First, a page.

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Pakistan's withdrawal may have taken some sheen off the BPL, but the tournament's survival still rests on the game's popularity in Bangladesh, and the optimism of the organisers
January 17, 2013
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Series/Tournaments: Bangladesh Premier League
The Bangladesh Premier League begins its second season on Friday amid hope and expectation but also controversy and the wrong sort of headlines. The organisers will tell you not to judge BPL 2013 on its first week and it is true to an extent - all debate on the tournament's success or otherwise should be on hold until the replacements for the Pakistani players arrive.
The build-up of controversial issues over the last 11 months includes that of unsigned contracts, unpaid players from home and abroad and the pull-out of Pakistani players. It has culminated in the tournament beginning with mismanagement as the dominant theme and the amount of negative press about the BPL has already affected its image as a burgeoning Twenty20 competition.
The organisers too have changed after the Bangladesh Cricket Board's elected body of directors had finished their terms, and hence the new BPL governing council hasn't had enough time ahead of the tournament to put together a neat organisational unit. Instead, they were inundated with claims from unpaid players and running after franchises to sign the contract. Immediately after these issues were tackled, they had to deal with the Pakistan Cricket Board's hushed reluctance to send their players and the pull-out happened a before the opening ceremony.
The organisers, especially the new men in the BPL governing council, are confident of a successful tournament despite the setbacks. "Commercially, the BPL is in good health. We have more sponsors than from the last edition. The issue that is bothering us is the arrival of replacement players," said BPL secretary Ismail Haider Mallick.
"We have the likes of Kieron Pollard and Brett Lee lined up, but we are not sure when they can fly in. That'll be a problem for the franchises who depended on the Pakistani players."
There is still optimism about the tournament's viability among the financial backers and team owners as well. Tanjil Chowdhury, director of Prime Bank, the title sponsor, feels that there is no reason to pull out of the competition at this hour. "I don't think the cricket will be affected without the little glamour. It is not the end of the world. I think cricket has become a commercial success in Bangladesh, but this is definitely a problem," he said.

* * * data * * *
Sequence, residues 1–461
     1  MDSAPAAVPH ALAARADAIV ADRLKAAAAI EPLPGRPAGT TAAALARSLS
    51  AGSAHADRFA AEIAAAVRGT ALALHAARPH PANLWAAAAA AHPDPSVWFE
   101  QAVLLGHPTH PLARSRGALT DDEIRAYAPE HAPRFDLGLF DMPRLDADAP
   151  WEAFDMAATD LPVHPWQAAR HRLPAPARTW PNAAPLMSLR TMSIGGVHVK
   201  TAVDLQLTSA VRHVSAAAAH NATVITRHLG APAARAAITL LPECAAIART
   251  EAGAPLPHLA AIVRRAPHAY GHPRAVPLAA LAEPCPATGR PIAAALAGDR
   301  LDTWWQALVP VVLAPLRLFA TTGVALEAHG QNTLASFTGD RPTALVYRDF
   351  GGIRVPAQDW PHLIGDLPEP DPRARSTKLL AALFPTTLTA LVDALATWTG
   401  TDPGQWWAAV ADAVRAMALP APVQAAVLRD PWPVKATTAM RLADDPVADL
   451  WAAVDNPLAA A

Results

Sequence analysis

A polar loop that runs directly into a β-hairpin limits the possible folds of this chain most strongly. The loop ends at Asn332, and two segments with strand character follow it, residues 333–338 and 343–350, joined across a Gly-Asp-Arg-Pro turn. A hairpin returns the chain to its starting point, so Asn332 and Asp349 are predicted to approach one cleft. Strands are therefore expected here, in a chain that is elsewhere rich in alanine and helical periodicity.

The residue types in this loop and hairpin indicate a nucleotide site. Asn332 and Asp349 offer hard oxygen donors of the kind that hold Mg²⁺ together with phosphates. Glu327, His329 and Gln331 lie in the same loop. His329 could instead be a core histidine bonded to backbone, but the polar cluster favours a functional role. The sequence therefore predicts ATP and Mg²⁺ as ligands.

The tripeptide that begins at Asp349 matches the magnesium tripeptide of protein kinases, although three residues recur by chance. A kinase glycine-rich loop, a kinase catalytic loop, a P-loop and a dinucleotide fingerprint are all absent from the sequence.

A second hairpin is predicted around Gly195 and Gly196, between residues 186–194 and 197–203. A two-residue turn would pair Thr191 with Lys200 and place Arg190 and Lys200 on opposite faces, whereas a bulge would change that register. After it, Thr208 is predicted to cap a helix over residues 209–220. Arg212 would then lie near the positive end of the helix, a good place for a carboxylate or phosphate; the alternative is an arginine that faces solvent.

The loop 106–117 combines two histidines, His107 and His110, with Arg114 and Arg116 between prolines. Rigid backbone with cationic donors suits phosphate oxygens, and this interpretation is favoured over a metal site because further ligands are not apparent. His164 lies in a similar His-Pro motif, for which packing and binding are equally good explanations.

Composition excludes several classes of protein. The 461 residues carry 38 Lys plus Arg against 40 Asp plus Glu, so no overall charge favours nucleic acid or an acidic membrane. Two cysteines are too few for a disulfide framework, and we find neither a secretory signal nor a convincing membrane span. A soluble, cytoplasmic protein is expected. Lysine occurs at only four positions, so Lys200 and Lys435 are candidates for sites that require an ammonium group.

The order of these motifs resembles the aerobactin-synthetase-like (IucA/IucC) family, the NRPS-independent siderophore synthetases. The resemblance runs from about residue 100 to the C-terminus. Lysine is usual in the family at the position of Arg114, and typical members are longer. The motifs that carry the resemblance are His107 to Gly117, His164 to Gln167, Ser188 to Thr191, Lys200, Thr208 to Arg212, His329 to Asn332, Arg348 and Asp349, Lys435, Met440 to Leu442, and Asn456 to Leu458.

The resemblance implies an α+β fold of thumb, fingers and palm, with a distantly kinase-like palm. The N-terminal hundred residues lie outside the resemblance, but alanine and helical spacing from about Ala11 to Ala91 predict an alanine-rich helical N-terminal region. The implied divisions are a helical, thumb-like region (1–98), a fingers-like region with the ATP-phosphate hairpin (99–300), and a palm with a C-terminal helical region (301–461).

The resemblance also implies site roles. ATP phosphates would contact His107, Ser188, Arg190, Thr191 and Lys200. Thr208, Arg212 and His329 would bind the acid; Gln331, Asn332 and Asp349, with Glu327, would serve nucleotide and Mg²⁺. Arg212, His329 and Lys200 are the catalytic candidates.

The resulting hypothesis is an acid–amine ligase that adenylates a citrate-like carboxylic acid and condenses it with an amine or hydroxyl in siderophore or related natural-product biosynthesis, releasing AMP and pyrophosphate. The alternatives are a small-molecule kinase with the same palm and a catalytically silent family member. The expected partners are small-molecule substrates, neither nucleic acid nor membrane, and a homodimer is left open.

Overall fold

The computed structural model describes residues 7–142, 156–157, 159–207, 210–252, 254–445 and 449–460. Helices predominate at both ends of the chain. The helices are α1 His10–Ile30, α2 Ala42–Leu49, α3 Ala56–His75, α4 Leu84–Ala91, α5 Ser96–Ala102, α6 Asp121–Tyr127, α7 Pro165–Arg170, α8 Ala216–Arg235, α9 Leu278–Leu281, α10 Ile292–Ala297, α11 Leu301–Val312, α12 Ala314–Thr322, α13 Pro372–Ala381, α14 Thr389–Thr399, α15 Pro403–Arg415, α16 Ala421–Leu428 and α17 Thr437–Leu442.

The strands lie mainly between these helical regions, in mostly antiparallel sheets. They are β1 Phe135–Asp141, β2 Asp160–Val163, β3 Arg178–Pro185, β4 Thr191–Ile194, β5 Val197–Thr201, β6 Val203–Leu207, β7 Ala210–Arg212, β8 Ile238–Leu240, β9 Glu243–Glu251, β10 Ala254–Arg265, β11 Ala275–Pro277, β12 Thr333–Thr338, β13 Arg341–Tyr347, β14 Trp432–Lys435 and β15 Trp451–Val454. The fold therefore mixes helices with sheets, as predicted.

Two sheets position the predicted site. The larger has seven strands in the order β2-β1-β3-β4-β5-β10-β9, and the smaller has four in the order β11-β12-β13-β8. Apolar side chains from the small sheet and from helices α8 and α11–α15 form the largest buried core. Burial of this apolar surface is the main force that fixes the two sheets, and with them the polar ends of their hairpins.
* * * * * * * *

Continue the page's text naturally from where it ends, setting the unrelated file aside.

Some have cited the little impact the absence of the Pakistani players had on the IPL from the second season, but the BPL is not as financially strong as its Indian counterpart, and many questions have been thrown about its integrity, value and productivity.
While introducing Brian Lara as his team's brand ambassador, Chittagong Kings owner Sameer Quader Chowdhury was slightly more robust in his judgment of recent events. But Chowdhury is relatively in a better position than the other owners. He only has to replace two Pakistani players in Imran Nazir and Wahab Riaz, while Khulna Royal Bengals is still searching for a minimum of seven replacements.
"I don't think the value will depreciate in any way. If you notice, internationally, Pakistan players don't play a lot in other tournaments either so I don't think the value will decrease in our case," Chowdhury said. "I have heard that it's extremely difficult for other teams. I think if the decision was not taken yesterday but around 10 to 20 days back, we wouldn't have had so many problems."
The BPL has been criticised for many things. When it was first pitched, the tournament was viewed as a hindrance to the brimming talent pool in Bangladesh cricket, seen in many quarters as a trouble-maker rather than a tournament to churn out a new production line of players. It was expected that the players would appreciate the enhanced pay cheques but that too hasn't materialised for the locals. Cricket's popularity in the country will hold the BPL but any more of last season's shenanigans would tip it over the edge.
Mohammad Isam is ESPNcricinfo's Bangladesh correspondentFeeds: Mohammad Isam
© ESPN Sports Media Ltd.
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